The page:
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Posts for: October, 2014

By drmendoza@mendozafootandankle.com
October 23, 2014
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Unlike the skin on the rest of the body, the skin on our feet is naturally dry. It has no oil glands, so it relies on the sweat glands to keep our feet moisturized. The skin can become itchy, scaly, and overly caloused for people who do not properly moisturize their feet on a regular basis, or who have a medical condition such as diabetes, psoriasis, or athlete's foot.

Avoid these common misconceptions to help the skin on your feet be as happy and moisturized as possibe:

  • Don't wear sandals. The skin becomes drier and more calloused when not enclosed by socks and shoes to hold in the moisture.
  • Don't soak your feet. Soaking actully dries feet out!
  • Don't pull the skin. Scrubbing too much and peeling the skin off builds up calloused skin quicker than just leaving it alone.
  • Don't bathe your feet in Vaseline. It just makes the skin greasy - it is more beneficial to apply lotion once a day. A keratolytic may be used on the thick calluses to help break them down.

Click here or call our office at 615-452-8899 to schedule your appointment with Dr. Mendoza today!


By drmendoza@mendozafootandankle.com
October 17, 2014
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Pre-dislocation syndrome of the second digit, also known as "crossover toe", is a condition in which the second toe drifts toward the big toe and eventually crosses over and lies on top of the big toe. It is a progressive disorder that can begin at any age, but is most often seen in adults.

Although the crossing over of the toe usually occurs over a period of time itcan appear more quickly if caused by injury. Symptoms inclue: pain in the ball of the foot, or feeling like there is a marble in the shoe or a sock is bunched up. There can be swelling at the base of the second toe, and some may have difficulty wearing certin shoes.

Crossover toe is a result of abnormal foot mechanics, where the ball of the foot beneath the second toe joint takes an excessive amount of weight-bearing. This pressure eventually leads to weakening of the supportive ligaments and a failure of the joint to stabilize the toe, resulting in the toe crossing over. Certain foot abnormalities can make a person prone to experiencing excessive pressure on the ball of the foot, including: a severe bunion defomity, a second toe longer than the big toe, and an arch that is structurally unstable.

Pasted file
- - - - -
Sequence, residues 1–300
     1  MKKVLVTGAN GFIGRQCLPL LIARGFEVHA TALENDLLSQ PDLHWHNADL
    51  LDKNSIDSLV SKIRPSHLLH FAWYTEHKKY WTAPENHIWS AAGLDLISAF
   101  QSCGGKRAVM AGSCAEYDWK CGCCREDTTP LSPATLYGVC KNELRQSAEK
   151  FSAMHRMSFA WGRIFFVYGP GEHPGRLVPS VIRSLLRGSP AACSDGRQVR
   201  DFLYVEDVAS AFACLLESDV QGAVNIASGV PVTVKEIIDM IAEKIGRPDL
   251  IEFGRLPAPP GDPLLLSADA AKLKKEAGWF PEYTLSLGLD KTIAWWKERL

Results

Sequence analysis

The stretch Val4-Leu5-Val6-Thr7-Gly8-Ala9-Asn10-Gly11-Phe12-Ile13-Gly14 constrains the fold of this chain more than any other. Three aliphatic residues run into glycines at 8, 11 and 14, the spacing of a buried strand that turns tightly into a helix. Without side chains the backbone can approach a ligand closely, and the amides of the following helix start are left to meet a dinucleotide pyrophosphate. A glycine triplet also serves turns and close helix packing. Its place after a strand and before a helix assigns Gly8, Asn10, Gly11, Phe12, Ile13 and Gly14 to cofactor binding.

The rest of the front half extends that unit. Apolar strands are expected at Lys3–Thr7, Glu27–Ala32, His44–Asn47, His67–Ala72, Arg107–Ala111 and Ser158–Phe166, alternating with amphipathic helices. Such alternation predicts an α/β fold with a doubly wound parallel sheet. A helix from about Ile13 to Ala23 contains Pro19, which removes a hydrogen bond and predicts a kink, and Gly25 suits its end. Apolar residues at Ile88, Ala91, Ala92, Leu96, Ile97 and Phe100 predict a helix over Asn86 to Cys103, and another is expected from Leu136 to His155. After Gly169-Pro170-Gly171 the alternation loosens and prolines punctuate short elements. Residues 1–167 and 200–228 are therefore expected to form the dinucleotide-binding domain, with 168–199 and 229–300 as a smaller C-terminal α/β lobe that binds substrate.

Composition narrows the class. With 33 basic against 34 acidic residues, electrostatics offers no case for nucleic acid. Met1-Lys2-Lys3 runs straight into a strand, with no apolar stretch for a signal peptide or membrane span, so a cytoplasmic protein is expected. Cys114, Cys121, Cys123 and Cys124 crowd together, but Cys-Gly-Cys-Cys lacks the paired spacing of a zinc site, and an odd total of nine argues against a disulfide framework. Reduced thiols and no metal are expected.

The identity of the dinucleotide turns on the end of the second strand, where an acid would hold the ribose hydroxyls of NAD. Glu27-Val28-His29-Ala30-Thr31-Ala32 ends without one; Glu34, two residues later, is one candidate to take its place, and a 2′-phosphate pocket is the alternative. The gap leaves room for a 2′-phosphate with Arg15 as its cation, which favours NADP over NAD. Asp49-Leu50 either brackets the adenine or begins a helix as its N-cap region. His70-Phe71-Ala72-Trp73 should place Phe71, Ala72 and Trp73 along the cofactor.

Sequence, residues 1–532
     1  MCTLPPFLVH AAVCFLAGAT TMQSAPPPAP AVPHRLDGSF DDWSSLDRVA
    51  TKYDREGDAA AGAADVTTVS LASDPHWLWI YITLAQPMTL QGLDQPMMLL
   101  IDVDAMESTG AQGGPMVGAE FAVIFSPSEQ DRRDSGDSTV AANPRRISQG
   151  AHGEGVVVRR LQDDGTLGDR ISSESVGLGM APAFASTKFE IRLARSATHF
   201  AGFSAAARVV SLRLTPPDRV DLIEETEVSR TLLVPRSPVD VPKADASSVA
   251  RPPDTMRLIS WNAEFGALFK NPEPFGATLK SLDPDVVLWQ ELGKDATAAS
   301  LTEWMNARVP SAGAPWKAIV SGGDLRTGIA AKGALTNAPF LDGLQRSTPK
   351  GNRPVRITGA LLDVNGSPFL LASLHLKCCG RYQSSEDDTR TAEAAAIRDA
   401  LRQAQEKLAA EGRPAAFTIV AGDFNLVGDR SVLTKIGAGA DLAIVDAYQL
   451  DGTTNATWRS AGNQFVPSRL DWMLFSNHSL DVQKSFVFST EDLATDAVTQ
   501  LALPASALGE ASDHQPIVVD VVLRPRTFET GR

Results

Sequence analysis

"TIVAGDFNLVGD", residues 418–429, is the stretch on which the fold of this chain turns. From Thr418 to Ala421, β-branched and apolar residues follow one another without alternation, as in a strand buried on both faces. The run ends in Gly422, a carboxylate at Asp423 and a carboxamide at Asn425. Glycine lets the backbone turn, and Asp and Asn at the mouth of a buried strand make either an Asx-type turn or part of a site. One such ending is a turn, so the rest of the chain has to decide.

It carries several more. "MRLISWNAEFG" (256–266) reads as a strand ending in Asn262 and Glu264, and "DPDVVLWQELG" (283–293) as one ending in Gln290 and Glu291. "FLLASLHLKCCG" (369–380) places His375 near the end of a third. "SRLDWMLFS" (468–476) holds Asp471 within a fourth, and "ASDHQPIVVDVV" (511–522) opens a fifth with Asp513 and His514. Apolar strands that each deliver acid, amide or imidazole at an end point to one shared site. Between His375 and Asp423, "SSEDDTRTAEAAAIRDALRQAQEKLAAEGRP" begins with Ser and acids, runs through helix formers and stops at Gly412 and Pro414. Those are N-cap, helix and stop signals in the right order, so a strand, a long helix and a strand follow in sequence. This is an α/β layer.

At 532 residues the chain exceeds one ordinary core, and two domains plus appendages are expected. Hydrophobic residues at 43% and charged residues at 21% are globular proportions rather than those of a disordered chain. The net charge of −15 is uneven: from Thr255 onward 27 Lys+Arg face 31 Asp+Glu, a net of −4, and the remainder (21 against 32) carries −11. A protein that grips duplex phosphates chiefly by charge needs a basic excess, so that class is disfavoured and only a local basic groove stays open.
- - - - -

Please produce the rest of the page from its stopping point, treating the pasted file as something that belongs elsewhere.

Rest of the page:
This condition is sometimes misdiagnosed, especially in the early stages when there is pain but the toe has not yet crossed over. The pain experienced mimics a Morton's neuroma, but the two disorders are treated very differently - making it crucial to obtain an accurate diagnosis. Rest, ice, and oral anti-infalmmatories may help relieve pain and inflammation. Immobilization, taping, or splinting may be necessary to prevent further drifting of the toe. Custom orthotics help stabilize the arch, and adding a metatarsal pad helps distribute the weight away from the joint. Surgical correction is an option if the deformity becomes severe and conservative treatments are not working.

Click here or call our office at 615-452-8899 to schedule your appointment with Dr. Mendoza to develop the best treatment plan for you!


By drmendoza@mendozafootandankle.com
October 09, 2014
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Diabetic neuropathy is nerve damage caused by diabetes. The type of neuropathy occurring in the arms, hands, legs, and feet is known as diabetic peripheral neuropathy. It usually develops slowly and worsens over time; some patients have this condition long before they are diagnosed with diabetes. Having diabetes for several years may increase the likelihood of having diabetic neuropathy.

The loss of sensation makes a patient prone to developing skin ulcers that can become infected and may not heal. This serious complication of diabetes can lead to loss of a foot or even a leg. Signs and symptoms of diabetic peripheral neuropathy include: numbness, burning, tingling, or pain in the feet. Not only is it unpleasant, but because of the numbness a patient may not realize that they have stepped on a small object and cut the skin or have developed an ulcer.

First and foremost, treatment of diabetic peripheral neuropathy centers on control of the patient’s blood sugar level. Medications and specific vitamins are also available to help relieve some of the symptoms. 

Call our office at 615-452-8899 or click here to schedule your appointment with Dr. Mendoza today!